Flames lose fifth straight

Stars winger Michael Ryder, defenceman Alex Goligoski, winger Brenden Morrow and centre Mike...

Stars winger Michael Ryder, defenceman Alex Goligoski, winger Brenden Morrow and centre Mike Ribeiro celebrate Ryder's goal against the Flames during first period action in Dallas on Saturday, March 24, 2012. (Mike Stone/Reuters)

STEVE MACFARLANE, QMI Agency

, Last Updated: 11:32 AM ET

DALLAS - Tuned to the Golf Channel, the TV in the hallway outside the Calgary Flames dressing room at the American Airlines Center displayed some serious swings.

Maybe a simple coincidence, it could just as easily have been a courtesy to the Flames players, who have to start thinking about polishing up their clubs, considering the task that lies ahead of them after dropping a 4-1 decision Saturday afternoon to the Dallas Stars.

“We realize out of six games, we’re most likely going to have to win them all,” a frank Jarome Iginla said after the team outshot the Stars 36-20 but came away without a single point in their biggest game of the season.

“We won’t give up.”

The words sounded a little skeptical even as they came out of his mouth as the team’s captain was clearly in a state of disbelief while trying to digest the fact his season is all but over.

Almost as puzzling is how the team that knew so much was on the line could come out in the first seven minutes of a game and allow the opposition to dominate.

The Stars got off to an early lead when Jamie Benn stuffed a wraparound behind Miikka Kiprusoff less than two minutes in, and padded it on Michael Ryder’s quick wrister into the far corner a little more than seven minutes into the contest.

“The first five minutes or so, we were standing and watching. We weren’t moving our feet,” Flames head coach Brent Sutter said.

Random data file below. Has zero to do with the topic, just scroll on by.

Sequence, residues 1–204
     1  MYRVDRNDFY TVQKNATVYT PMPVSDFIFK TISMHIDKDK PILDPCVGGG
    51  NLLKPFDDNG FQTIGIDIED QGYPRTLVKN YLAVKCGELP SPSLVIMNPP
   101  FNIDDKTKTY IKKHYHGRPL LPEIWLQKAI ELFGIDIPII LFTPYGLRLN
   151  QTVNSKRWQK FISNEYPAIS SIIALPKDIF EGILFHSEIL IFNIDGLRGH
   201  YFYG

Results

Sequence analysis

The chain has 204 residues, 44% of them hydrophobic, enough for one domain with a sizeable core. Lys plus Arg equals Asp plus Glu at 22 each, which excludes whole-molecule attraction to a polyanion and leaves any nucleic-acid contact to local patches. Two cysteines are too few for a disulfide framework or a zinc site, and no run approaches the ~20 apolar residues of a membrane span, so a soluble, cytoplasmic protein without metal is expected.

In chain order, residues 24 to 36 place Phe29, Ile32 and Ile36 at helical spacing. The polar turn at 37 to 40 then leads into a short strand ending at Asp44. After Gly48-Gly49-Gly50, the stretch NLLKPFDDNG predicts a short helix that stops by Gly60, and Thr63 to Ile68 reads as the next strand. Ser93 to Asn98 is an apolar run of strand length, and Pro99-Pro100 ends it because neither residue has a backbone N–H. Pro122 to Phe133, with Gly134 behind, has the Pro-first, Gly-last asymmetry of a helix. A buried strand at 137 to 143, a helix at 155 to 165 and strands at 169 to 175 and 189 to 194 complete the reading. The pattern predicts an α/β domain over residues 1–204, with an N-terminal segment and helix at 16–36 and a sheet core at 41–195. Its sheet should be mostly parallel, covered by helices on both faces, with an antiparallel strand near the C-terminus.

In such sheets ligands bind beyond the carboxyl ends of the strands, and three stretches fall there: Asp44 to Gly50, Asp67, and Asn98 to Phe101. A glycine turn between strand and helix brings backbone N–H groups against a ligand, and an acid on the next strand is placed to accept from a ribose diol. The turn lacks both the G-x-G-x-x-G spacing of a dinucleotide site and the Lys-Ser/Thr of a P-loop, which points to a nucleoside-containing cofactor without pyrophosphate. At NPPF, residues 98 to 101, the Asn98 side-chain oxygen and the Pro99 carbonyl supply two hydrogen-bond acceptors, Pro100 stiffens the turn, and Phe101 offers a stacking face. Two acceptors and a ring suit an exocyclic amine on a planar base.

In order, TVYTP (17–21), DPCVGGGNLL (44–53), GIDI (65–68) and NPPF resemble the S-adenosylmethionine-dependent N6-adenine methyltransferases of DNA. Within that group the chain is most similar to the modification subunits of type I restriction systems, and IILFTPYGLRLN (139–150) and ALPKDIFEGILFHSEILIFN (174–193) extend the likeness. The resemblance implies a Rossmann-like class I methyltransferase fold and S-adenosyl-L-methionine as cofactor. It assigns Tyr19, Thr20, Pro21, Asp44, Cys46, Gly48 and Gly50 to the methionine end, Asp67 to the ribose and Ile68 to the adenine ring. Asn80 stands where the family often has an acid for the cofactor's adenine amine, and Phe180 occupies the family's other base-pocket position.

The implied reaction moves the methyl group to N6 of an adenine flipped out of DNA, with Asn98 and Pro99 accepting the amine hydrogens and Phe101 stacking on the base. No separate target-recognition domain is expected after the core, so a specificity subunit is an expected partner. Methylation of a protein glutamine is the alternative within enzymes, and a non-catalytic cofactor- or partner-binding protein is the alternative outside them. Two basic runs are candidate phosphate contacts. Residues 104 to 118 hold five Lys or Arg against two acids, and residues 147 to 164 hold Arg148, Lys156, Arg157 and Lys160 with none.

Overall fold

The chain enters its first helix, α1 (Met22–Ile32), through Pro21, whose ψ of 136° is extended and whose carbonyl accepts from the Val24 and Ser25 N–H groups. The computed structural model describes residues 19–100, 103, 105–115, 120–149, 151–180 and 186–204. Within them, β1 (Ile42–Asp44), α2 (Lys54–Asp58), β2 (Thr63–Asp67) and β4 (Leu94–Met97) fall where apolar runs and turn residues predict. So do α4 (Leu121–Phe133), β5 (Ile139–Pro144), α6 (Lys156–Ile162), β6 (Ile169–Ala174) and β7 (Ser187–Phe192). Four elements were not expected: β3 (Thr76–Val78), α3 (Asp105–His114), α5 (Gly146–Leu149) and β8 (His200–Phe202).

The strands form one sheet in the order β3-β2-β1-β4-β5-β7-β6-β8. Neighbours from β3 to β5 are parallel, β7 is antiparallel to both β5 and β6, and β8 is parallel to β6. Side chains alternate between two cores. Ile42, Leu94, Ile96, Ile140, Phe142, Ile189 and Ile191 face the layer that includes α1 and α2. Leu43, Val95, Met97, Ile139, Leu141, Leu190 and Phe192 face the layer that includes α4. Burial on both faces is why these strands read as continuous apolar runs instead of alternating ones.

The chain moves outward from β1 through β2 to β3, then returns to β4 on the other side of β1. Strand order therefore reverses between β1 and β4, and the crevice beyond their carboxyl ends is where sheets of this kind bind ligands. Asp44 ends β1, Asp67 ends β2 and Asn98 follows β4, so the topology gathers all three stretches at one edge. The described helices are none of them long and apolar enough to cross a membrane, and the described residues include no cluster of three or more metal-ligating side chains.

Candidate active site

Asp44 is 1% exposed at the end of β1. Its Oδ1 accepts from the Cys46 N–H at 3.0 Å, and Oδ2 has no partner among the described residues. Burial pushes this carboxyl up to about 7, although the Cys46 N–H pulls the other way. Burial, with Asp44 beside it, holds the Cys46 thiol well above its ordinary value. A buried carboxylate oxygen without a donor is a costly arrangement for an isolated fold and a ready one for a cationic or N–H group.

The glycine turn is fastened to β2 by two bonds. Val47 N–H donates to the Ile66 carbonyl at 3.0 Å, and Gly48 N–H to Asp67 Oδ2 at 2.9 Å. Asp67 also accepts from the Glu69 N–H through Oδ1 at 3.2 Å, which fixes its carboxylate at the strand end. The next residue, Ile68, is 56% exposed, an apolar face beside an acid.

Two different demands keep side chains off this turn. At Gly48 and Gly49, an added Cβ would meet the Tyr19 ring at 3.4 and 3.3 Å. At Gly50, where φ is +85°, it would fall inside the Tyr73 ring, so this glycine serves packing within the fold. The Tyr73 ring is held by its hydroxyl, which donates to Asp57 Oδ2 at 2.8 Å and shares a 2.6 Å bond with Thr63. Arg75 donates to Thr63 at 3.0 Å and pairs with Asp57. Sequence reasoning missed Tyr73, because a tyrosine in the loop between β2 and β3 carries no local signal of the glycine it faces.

“It wasn’t the intent. You sensed a well-prepared team. You sensed the guys were ready to go. They knew the importance of the game.

“We got out on the ice, and it just seemed like we were standing, watching. We were kind of caught up into it.

“Once we got skating, we played a pretty good game.”

Plenty of shots were directed at Stars goaltender Kari Lehtonen (36 by the final buzzer), but much in the way the Flames practised the shootout Friday after losing in the showdown in two straight games, it was a case of too little, too late.

“It’s a tough thing to come back at this time of year after being down two,” said Sutter.

Unfortunately, it didn’t look that hard when the Wild did it Thursday night against the Flames, stealing the extra point in a shootout.

Their fifth straight loss Saturday put them four points behind the Stars, who held the final playoff spot in the Western Conference prior to the day’s action and jumped into top spot in their division after the win.

Unable to count on the teams ahead of them to offer any sort of help, the Flames absolutely have to win every single one of their remaining games to give themselves any kind of shot at snapping a two-year playoff drought.

“Looks that way. I think we’re realistic about it. It looks like we’ll have to run the table here,” agreed Michael Cammalleri, who scored the Flames’ only goal of the afternoon.

“We’ll have to use that as a liberating feeling. It’s a Cinderella story we’re gonna have to have now. Everybody here is going to write or comment tomorrow, and all the talk is going to be that our season’s over in six games.

“In our room, we’ll feel we have nothing to lose, and that’s usually a fun way to play. We’ll try to be the Cinderella story that gets to the dance.”

Considering they’ve lost five in a row immediately after putting up a season-high winning streak of five victories, it would be a complete fairy tale or miracle if they were able to pull off the comeback now and qualify for the playoffs.

“Our chances are slim,” Iginla said.

“We’re going to have to run the table, but nobody will give up.”


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